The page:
For those who can’t possibly “miss” anything (because they were too young or–save me–not even born yet when a lot of the “nostalgia” they love was new), how is this stuff popular? Is it voyeurism? I have no idea what makes the kids these days love something. I find it impossible to communicate with someone whose mother never forced them to wear a pager.

I imagine it’s all a little unfair to the entertainment industry, who for so long has been on a constant quest to improve quality and capability and now has to face an audience hungry for CGI-free content shot on film. You don’t have to make Lord of the Rings again, just make a big deal over its availability to stream. What an insult.

There’s a chance we’ve made too much content. There’s a chance that in an assumed appetite for more and more new, our eyes were bigger than our hearts. I don’t think we can keep up, and I think the dazzle of new movies and television scooped up our attention before we were done loving what came before. Life moves pretty fast, and every day we prove how much we miss it.

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I think nostalgia culture is a reminder that we never have to say goodbye to what we love. Not in the age of Netflix. The most genius thing Netflix ever did was allow everyone to consider it their own personal dvd collection. You don’t have to worry about losing anything anymore. It’s all right here. The world isn’t producing too much for you to keep up with. Go ahead and watch the new Wormwood documentary. Party of Five will be here when you’re done.

In the end I think it’s simple: We want what we can’t have. Modified for 2017, maybe we love what we can’t have. In a time where a dead person can be digitally resurrected to play an actual role in a film, maybe we just want to see kids ride their bikes around a neighborhood while their moms have no idea where they are, and that’s okay. Maybe we want to love a terrible plot and ridiculous antics guilt-free. Maybe reverting to something that can’t be reviewed in the present is the only way to avoid getting ripped apart in the comments.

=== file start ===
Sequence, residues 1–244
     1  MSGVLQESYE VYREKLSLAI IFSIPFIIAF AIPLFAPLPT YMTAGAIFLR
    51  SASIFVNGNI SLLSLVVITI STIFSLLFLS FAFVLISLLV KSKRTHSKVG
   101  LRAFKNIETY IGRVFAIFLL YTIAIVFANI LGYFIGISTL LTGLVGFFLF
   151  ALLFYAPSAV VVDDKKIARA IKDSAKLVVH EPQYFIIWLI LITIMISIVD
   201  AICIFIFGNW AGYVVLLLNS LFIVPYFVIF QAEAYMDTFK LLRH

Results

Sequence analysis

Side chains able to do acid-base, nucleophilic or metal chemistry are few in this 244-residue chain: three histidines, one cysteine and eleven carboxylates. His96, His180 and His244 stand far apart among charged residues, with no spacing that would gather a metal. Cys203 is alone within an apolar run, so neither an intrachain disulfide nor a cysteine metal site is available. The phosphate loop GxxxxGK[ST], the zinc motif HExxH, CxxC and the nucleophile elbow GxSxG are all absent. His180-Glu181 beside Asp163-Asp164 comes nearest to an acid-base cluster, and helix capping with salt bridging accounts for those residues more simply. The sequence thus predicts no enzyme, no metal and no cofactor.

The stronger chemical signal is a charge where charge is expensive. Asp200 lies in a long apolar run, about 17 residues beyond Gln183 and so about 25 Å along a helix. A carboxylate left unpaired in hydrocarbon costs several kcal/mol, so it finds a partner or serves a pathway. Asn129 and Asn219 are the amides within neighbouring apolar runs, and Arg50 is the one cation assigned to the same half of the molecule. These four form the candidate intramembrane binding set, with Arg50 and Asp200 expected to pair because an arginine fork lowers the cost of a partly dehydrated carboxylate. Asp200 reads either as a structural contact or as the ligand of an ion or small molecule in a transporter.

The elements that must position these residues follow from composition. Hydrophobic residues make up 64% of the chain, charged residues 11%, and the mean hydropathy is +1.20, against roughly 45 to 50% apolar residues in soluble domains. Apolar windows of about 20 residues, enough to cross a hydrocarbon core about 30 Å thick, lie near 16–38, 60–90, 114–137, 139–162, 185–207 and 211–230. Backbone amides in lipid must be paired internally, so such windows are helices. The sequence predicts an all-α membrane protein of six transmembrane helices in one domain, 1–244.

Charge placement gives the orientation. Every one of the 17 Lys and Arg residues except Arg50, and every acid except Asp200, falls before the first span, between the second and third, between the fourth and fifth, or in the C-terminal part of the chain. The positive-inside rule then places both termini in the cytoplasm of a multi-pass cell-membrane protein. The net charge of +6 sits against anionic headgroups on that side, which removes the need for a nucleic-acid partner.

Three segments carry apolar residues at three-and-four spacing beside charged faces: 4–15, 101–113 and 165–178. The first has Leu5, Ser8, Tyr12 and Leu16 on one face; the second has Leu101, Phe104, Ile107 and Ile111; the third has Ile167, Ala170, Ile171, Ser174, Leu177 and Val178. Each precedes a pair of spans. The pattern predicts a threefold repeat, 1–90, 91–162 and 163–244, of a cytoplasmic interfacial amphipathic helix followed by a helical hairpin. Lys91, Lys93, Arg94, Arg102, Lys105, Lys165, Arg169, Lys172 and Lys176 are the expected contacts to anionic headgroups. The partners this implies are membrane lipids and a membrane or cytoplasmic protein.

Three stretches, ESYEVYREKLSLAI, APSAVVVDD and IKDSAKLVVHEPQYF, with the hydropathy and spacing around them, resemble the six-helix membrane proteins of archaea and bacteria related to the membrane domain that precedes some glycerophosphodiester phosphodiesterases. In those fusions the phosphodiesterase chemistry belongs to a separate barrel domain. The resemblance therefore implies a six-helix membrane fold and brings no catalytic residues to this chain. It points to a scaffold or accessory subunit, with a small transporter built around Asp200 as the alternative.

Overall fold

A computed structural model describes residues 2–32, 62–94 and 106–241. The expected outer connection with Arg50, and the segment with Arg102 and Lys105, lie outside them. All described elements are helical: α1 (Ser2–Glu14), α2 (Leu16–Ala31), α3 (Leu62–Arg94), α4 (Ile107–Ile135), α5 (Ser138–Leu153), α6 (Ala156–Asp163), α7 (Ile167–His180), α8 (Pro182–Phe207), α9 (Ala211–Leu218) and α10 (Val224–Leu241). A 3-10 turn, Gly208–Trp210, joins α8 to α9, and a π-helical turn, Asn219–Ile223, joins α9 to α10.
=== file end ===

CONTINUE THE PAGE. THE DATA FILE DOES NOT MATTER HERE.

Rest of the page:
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There’s a word we’re not using to describe The West Wing when we wish President Bartlet was real. When we watch Hocus Pocus on repeat on Halloween. Or when we Instagram Miss Congeniality on April 25th. The word is “old.” Casablanca is old. It’s A Wonderful Life is old. Anything 1980 and up isn’t old, it’s perfect.

I am fascinated by this phenomenon because I’m fascinated by its content. It’s my content. I was born in 1982 and My So Called Life is life and I sit next to girls at work who don’t know the name Jordan Catalano. I am a participant in nostalgia culture, and gratefully so. It means I get to have both. It means that right now, we have everything .The genius and convenience of today’s technology and the shameless innocence and pure fun of years past, and the ability to compare the two, and participate in each one whenever we want. We need something from back then to make right now better, and there isn’t anything better than back then, right now.